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Becky Chamberlin—Overcoming gender bias in science

A nuclear forensics chemist and nonproliferation expert, Chamberlin is helping bring forward a more comprehensive effort on the science of detecting nuclear weapons development.
March 11, 2014
Becky Chamberlin

A nuclear forensics chemist and nonproliferation expert, Chamberlin is helping bring forward a more comprehensive effort on the science of detecting nuclear weapons development.

    Chamberlin says. “I think character, commitment and courage imply the charge for us all to look beyond our own narrow job functions to see how we can make the Laboratory a more productive and creative place than it is today.”

    Overcoming gender bias in science

    "Even if she is a girl..." Words like that might deter a female from loving math and science, especially when the disclaimer is announced to a large audience by a math teacher presenting a major award.

    Fortunately, Los Alamos chemist Becky Chamberlin didn’t let gender bias stop her from studying science, achieving an Ivy League doctorate in chemistry.

    Success in science means much more than "left brain" logic

    In school, Chamberlin was attracted to chemistry because it was quantitative and logical—a chance to combining abstract reasoning with hands-on observations. For a young woman interested in science and math, she says it’s easy to get the impression that “left brain” logical and analytical skills are all that matters.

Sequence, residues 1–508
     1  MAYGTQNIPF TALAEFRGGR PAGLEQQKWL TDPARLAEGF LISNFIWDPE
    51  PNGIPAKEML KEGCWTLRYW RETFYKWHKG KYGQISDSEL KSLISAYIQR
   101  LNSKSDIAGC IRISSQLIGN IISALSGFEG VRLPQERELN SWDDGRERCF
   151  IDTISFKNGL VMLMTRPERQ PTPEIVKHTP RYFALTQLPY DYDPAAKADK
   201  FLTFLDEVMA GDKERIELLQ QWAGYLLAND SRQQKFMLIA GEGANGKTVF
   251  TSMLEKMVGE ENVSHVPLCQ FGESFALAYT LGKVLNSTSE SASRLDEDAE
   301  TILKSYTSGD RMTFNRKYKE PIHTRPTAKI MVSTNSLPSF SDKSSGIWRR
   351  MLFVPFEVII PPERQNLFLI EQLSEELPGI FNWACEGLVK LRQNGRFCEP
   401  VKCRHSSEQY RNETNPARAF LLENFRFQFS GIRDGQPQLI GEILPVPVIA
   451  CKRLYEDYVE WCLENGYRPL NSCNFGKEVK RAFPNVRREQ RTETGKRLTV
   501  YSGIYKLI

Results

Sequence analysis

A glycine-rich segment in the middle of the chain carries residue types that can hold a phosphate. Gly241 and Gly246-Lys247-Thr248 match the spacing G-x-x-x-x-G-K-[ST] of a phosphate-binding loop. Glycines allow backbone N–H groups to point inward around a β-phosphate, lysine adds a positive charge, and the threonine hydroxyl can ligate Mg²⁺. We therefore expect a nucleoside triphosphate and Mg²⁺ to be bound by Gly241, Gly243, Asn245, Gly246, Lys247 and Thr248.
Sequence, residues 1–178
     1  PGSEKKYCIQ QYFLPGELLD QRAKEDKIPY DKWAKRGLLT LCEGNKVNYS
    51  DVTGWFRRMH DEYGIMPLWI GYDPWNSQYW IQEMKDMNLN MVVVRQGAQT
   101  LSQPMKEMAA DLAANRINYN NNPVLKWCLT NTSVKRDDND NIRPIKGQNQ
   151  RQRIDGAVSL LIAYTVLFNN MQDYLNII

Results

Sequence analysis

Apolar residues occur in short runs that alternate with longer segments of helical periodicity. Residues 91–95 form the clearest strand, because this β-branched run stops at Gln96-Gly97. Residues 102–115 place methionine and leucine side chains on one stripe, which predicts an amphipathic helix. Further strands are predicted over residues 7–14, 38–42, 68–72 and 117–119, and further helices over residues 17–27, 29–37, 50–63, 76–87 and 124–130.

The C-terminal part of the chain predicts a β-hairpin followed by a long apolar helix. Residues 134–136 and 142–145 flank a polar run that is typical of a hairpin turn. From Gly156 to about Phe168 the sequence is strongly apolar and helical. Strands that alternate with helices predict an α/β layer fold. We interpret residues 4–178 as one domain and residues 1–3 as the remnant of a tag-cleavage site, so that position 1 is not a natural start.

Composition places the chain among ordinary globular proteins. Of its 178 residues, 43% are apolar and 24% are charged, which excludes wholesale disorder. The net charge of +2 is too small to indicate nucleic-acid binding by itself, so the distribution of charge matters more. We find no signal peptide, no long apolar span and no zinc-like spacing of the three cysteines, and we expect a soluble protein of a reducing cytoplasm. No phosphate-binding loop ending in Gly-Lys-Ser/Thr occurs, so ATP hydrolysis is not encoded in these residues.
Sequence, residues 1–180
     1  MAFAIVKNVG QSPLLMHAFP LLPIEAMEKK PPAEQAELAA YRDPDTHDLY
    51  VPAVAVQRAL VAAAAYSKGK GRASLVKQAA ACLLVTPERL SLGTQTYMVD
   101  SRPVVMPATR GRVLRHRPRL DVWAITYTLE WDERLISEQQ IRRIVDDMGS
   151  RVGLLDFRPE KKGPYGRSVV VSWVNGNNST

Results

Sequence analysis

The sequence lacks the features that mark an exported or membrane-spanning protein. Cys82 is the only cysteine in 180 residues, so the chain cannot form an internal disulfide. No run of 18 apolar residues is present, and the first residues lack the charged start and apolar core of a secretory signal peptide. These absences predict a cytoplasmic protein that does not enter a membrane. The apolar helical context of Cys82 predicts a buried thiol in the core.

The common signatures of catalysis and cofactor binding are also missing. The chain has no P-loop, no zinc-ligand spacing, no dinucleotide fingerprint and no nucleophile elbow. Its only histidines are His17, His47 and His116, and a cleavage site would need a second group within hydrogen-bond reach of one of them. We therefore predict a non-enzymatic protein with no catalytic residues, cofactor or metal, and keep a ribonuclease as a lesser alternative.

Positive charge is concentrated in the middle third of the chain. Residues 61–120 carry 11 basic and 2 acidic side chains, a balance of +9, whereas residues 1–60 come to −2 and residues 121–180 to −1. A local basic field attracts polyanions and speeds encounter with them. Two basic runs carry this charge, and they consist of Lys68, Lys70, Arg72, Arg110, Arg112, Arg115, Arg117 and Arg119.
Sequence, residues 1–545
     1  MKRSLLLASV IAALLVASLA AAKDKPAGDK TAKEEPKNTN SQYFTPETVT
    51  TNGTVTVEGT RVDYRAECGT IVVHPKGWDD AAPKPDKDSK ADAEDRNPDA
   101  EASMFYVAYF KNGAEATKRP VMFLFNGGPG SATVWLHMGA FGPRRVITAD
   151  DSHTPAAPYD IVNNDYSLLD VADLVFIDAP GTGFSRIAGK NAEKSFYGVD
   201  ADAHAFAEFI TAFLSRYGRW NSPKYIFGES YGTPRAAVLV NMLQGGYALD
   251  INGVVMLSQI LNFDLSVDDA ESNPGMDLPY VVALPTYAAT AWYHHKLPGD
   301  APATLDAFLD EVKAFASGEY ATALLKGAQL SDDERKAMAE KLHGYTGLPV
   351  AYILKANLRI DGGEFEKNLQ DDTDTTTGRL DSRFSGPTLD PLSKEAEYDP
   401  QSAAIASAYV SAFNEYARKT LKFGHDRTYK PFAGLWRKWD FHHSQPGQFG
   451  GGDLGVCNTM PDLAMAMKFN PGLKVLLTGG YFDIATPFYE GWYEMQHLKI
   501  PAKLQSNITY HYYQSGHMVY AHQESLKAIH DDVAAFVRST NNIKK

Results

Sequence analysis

She advises future scientists to develop other strengths, too—to remember that to get projects funded and publicized, one must be able to write and speak well. And to succeed in project work, one must also be able to organize, mentor, and lead a team.

    Many of Becky’s female colleagues echo these same themes. Fortunately for the Lab—and for science and humanity—they didn’t stop believing in themselves, embracing the character, courage and commitment that the Women's History Month worldwide celebrates.

    Addressing nuclear danger concerns through science

    A nuclear forensics chemist and nonproliferation expert, Chamberlin is helping our technical experts bring forward a more comprehensive effort on the science of detecting nuclear weapons development.

    Addressing the concerns of a recently published report warning that the nuclear danger is more complex than ever, and that current methods are inadequate to address the threats, Chamberlin’s goal is to help the Lab answer this challenging question is: how can we accurately tell when a nation or group is moving forward from acquiring nuclear material to using it in weapons?

    And she also hopes to encourage Lab colleagues to address such technical objectives efficiently, cutting costs and waste.

    “We can’t be satisfied by just ‘keeping the trains running on time’ and operating in compliance with regulations,” Chamberlin says. “The charge for us all to look beyond our own narrow job functions to see how we can make the Lab a more productive and creative place than it is today.”

    Helping the next generation achieve their goals

    Chamberlin is dedicated to helping the next generation achieve their goals. Chair of the Los Alamos Employees’ Scholarship Fund, she recently helped launch a new fund targeted at non-traditional students who want to pursue a two-year degree. So far, 800 New Mexican students have been awarded millions in scholarships through the employees’ combined funds.

     


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